Weekly quickTIP

Event! Create Thyself!

Keep a record of your scripting or batch file activity with this handy and simple event log tip.

No matter if your scripting mojo moves mountains or those hushed tones speak of your batch file prowess, sometimes you need to log system activity to a place where it'll be stored long term. One place to do that is within the event log.

Unlike storing data in a result file or pushing it to the screen, the event log stores status information for the long term. And, if your organization uses event log aggregator tools like Syslog or System Center Operations Manager to compile those logs into a central repository, you can essentially store that information forever.

Microsoft includes a tool in Windows XP and 2003 called "eventcreate" that enables the command-line creation of an event log entry. Although eventcreate by default creates log entries into the Application log, it can be configured to push event information to any log type.

To create an event in the default application log, use the syntax:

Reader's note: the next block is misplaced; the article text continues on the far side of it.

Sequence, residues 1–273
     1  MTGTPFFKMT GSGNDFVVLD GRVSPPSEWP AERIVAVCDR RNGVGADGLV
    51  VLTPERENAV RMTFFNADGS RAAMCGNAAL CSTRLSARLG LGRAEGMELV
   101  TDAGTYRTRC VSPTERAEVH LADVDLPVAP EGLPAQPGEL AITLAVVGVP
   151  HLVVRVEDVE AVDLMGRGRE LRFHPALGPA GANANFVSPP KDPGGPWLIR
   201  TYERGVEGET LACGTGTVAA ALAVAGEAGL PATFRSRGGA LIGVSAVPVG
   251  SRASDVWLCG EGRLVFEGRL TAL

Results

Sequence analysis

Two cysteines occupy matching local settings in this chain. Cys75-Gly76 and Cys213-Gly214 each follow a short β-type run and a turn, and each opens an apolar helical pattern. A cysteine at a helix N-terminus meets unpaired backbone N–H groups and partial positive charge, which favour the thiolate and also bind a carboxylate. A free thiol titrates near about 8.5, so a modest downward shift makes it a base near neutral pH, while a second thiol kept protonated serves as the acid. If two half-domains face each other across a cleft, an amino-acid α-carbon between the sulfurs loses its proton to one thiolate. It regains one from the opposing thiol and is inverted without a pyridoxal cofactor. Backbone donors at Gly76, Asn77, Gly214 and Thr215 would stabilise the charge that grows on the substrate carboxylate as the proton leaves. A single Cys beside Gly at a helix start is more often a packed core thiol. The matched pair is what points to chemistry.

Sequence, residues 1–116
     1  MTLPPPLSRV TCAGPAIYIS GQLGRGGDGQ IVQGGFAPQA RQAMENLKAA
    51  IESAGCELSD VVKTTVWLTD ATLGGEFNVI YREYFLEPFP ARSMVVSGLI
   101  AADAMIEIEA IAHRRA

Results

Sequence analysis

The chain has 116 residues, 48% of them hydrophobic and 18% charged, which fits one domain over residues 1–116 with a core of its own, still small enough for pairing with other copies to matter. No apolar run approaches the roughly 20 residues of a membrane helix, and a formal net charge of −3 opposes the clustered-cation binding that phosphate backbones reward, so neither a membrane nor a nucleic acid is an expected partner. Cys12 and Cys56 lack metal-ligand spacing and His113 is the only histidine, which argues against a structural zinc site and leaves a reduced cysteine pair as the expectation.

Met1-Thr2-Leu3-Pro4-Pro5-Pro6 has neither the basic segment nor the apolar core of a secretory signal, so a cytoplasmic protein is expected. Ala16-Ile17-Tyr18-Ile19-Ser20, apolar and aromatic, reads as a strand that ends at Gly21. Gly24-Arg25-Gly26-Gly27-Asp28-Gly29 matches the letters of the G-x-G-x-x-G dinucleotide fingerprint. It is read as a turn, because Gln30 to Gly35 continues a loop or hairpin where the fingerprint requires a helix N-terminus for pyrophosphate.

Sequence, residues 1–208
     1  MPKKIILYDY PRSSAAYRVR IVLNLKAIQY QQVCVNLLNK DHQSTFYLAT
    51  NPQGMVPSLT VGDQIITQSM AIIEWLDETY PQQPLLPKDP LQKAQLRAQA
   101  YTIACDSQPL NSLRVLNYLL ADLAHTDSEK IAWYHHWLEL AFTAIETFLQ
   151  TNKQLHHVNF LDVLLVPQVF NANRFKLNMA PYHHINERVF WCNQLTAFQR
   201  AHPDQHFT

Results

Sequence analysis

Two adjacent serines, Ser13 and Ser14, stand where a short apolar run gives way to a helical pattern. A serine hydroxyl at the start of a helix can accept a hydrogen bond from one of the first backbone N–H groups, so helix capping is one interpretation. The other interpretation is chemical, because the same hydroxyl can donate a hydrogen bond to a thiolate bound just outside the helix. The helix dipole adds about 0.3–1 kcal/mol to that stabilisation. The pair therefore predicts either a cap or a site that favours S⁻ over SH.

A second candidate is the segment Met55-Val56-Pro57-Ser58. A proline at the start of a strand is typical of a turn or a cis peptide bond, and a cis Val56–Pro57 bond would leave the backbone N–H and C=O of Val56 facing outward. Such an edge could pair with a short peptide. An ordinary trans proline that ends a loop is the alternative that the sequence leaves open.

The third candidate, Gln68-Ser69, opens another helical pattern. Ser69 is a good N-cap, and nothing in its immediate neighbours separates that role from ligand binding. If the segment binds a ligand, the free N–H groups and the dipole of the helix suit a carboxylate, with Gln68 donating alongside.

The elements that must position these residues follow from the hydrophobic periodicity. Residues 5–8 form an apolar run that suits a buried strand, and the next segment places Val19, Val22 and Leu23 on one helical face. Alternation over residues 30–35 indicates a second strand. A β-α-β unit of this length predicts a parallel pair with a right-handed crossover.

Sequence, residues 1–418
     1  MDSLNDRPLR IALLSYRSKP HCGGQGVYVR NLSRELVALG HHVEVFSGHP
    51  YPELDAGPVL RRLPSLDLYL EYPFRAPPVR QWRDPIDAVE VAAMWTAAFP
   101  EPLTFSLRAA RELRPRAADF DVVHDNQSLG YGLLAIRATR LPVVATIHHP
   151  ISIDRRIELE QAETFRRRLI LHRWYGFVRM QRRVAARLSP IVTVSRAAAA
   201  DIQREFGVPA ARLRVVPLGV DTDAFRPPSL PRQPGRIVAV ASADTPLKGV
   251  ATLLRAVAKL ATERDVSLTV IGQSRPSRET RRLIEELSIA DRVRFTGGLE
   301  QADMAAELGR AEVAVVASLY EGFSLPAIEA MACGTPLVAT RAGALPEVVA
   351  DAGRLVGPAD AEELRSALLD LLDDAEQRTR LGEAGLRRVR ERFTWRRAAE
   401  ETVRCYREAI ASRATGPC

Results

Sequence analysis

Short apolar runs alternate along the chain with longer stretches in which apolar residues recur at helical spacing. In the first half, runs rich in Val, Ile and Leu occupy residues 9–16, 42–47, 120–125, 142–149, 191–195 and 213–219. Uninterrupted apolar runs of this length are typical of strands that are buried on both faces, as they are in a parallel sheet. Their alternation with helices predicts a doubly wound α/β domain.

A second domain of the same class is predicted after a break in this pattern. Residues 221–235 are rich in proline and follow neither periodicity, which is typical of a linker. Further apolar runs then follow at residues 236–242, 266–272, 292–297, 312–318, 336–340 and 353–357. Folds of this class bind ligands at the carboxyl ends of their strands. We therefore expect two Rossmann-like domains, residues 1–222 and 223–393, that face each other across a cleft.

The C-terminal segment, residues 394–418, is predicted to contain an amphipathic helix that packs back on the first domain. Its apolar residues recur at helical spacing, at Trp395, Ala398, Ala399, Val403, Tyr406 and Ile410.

Eventcreate /s {ComputerName} /so {EventSource} /t {EventType} /id {EventID} /d {EventDescription}

For the above, the event source will be the source of the event from which you want the event to initiate. The event type will be the severity of the event, which can be "error," "warning," or "information." The event ID will be a number from 1 to 1,000 chosen by you for later searching and filtering. Lastly, the event description is the verbiage that you want to include in the event log entry.

Where this tool comes in handy is inside your batch files and scripts. If you've got batch files that perform work around your network, you can call this executable to leave a trace on each system the script touches.

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The same is true for your VBScript scripts. To call this executable from within a script, create a shell object and use its run method to invoke the script:

Set WshShell = WScript.CreateObject("WScript.Shell")
strCommand = "Eventcreate /so MyScript
   /l Application /t Error /ID 500 /D ""Script Success!"""
WshShell.Run strcommand

Using either method, this tool turns our typically read-only event logs into a read-write engine for efficient log storage.

About the Author

Greg Shields is Author Evangelist with PluralSight, and is a globally-recognized expert on systems management, virtualization, and cloud technologies. A multiple-year recipient of the Microsoft MVP, VMware vExpert, and Citrix CTP awards, Greg is a contributing editor for Redmond Magazine and Virtualization Review Magazine, and is a frequent speaker at IT conferences worldwide. Reach him on Twitter at @concentratedgreg.

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